I guess God does get us in some instances. But not when we're suffering. 

I've sponsored a child in India since she was 12. She will be 18 next year. It's not because I am a great Christian all the time. She just needed someone to help her. The middle-school ages often get overlooked. I understood what it meant to be overlooked, and that's why I picked her. Bharati was overlooked - fatherless, too.

I wish I could bring her here to put her through college, as she has been like a daughter I never met. She signs her letters, "Your loving child," or "Your only child," and it makes me want to cry at those stand-up tables in the Grove City post office, where I read them.

There are orphans in India. China. Mexico. And it is mission work to reach out to them. But, please, do not think it is less spiritual to reach out to the 12-year-old orphan who lives next door - or the 27-year-old in your midst who weeps like a child inside.

Maybe you are the 42-, 53-, 85-year-old orphan. Please mourn without shame, knowing you are honored and remembered by the Savior.

Life is filled with loss, and I want to know that there is someone who understands all that I've suffered; someone who pulls off my game face and listens. Deep down, I truly believe the world senses who He is, especially at this time of the year.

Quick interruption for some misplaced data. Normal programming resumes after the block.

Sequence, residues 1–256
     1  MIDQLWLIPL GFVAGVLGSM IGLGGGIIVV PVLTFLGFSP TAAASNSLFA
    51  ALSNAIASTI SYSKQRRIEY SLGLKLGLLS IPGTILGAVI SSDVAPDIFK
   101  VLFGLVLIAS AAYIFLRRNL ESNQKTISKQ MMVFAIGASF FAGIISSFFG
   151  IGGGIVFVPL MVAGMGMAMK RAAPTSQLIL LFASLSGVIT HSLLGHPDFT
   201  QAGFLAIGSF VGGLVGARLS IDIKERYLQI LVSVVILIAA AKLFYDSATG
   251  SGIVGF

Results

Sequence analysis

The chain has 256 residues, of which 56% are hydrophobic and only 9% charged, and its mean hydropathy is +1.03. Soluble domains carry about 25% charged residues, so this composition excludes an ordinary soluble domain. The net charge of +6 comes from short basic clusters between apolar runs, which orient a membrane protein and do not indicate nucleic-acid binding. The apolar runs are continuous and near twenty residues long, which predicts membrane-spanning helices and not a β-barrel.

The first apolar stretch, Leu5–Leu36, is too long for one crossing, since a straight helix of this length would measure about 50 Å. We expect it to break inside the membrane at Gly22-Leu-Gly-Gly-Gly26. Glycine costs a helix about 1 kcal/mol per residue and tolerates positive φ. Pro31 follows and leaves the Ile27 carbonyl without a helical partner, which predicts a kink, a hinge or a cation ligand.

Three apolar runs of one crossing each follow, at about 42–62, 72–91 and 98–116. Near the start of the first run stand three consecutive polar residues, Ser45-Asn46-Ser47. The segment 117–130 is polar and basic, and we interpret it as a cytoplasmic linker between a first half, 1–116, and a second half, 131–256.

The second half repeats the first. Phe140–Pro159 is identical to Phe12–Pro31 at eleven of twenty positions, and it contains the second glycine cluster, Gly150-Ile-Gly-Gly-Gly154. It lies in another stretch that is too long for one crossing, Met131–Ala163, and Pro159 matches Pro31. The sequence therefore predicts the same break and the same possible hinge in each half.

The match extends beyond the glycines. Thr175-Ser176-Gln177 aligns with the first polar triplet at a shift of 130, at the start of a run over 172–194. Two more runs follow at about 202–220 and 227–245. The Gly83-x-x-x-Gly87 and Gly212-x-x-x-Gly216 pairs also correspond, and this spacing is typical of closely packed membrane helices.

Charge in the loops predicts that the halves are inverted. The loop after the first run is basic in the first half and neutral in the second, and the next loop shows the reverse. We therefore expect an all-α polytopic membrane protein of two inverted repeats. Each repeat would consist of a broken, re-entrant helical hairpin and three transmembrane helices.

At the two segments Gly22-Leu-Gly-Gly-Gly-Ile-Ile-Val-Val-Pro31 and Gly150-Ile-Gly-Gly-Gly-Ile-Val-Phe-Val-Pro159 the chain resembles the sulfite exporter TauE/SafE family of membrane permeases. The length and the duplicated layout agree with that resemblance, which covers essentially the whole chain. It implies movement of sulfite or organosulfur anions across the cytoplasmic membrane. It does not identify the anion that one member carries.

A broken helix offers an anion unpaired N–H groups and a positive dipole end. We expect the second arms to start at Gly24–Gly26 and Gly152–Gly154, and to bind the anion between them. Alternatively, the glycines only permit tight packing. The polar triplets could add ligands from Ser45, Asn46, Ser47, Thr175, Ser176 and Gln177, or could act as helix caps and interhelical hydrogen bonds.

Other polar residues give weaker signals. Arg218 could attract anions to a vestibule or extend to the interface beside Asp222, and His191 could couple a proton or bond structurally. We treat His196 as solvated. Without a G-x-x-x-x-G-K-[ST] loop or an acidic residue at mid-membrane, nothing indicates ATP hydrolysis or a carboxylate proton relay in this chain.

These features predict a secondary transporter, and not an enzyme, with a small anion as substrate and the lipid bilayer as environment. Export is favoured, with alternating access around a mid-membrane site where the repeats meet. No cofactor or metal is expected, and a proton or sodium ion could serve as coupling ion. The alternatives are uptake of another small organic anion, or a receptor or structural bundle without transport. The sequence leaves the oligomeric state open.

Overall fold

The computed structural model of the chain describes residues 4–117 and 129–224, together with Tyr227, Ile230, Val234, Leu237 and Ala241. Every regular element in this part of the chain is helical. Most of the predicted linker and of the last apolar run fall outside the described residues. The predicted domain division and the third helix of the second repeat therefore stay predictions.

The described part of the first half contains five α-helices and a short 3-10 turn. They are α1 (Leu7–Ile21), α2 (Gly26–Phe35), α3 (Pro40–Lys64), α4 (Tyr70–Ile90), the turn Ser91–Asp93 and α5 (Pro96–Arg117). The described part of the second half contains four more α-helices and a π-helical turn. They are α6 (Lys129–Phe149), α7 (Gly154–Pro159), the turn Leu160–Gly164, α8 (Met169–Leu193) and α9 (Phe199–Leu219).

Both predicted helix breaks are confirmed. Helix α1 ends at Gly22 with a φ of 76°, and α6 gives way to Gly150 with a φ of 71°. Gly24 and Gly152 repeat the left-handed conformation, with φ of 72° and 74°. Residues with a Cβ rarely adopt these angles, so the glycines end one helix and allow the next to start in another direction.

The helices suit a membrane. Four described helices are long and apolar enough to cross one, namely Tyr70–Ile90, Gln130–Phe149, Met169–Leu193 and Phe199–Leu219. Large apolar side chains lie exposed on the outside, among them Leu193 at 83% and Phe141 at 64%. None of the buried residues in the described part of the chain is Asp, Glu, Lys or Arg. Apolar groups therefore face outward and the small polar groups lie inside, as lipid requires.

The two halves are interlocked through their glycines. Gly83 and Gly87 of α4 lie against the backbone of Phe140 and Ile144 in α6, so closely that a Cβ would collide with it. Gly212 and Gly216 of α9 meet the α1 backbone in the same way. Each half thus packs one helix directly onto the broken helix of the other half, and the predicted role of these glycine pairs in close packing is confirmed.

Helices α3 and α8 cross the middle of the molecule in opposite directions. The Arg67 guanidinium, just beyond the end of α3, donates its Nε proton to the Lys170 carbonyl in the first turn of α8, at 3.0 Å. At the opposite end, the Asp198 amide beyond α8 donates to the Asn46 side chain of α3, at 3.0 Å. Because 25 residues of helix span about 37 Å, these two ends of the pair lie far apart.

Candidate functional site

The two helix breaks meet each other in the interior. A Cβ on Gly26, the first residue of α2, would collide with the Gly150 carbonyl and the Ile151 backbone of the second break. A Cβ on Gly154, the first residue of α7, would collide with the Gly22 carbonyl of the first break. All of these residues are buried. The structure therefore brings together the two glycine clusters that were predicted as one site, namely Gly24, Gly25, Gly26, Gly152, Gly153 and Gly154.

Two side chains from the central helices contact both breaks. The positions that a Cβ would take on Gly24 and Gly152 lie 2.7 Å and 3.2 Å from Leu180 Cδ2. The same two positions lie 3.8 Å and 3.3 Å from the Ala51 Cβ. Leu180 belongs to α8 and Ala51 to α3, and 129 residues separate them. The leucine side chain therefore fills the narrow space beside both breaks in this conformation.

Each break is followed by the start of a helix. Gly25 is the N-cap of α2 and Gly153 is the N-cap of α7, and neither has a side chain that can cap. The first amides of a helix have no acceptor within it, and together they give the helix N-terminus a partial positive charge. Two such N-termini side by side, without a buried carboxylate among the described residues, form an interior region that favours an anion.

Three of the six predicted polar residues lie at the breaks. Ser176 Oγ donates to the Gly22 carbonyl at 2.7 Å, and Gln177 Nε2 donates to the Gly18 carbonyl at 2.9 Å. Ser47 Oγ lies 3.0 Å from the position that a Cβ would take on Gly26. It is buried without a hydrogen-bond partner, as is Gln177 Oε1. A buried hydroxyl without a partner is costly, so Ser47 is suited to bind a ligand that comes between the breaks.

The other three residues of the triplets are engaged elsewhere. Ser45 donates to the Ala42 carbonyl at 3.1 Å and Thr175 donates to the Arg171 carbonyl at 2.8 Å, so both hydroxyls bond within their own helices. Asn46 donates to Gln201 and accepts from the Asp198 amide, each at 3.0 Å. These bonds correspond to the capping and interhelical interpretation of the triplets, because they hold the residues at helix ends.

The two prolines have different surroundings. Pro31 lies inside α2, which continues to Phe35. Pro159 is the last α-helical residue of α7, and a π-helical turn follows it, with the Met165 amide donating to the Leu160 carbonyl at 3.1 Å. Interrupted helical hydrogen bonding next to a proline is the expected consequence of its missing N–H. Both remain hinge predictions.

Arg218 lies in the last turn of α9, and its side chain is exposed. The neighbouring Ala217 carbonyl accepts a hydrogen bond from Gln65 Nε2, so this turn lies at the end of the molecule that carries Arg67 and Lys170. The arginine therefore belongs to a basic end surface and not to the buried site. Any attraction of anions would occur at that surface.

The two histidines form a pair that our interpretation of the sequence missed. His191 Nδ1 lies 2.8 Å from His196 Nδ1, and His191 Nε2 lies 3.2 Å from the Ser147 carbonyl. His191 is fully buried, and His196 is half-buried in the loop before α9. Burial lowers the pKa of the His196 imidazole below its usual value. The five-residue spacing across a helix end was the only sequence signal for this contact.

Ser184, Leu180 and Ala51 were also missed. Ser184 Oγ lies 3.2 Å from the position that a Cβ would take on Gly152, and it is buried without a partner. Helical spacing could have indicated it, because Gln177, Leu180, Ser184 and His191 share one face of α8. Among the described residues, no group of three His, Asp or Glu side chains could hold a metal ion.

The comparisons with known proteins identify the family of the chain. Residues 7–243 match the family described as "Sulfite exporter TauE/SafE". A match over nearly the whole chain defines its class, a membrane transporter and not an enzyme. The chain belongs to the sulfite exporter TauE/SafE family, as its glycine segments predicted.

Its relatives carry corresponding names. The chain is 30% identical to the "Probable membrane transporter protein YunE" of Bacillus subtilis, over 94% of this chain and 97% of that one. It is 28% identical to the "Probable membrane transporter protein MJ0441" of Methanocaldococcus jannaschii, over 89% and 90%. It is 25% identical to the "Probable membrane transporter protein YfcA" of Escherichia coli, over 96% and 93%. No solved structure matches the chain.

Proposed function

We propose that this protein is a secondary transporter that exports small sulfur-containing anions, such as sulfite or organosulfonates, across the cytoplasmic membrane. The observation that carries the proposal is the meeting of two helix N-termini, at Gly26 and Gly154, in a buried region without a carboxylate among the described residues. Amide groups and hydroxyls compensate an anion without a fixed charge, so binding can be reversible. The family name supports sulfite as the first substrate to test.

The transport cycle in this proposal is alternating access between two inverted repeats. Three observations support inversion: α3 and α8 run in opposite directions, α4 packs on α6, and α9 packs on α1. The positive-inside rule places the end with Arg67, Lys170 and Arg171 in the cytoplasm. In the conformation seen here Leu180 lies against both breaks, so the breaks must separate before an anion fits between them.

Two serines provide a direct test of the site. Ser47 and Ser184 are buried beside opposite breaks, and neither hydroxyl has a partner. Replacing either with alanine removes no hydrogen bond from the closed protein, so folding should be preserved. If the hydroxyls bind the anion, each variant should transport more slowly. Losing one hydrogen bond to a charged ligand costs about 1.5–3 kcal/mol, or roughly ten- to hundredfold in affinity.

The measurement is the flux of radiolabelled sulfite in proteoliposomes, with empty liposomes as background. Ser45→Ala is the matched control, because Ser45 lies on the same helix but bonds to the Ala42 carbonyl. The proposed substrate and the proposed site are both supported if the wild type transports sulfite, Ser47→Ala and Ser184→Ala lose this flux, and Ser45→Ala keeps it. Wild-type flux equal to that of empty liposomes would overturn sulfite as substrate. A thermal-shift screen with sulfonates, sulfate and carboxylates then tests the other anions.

Like many people, I get angry at God, but maturity has taught me that my anger won't make God walk away. And I'm thinking that the next 10 seconds of my life will teach me more than I know now about how much Jesus' deep suffering for me - and as me, in place of my brokenness - is the only thing that can raise me back to life, just like he was Raised. I believe this is why the gospel is The Good News. I just have to remember to put faith in it, and not faith in my faith.

I think it's what God was trying to show me 37 seconds ago, when he was so near to me at such a displaced time in my life, that I swear at times I felt his arm leaning against mine.

He is near to you in your pain as well during this special and stressful time of the year.

Published Dec. 26, 2012, in Allied News. Pick up a copy at 201 A Erie St., Grove City.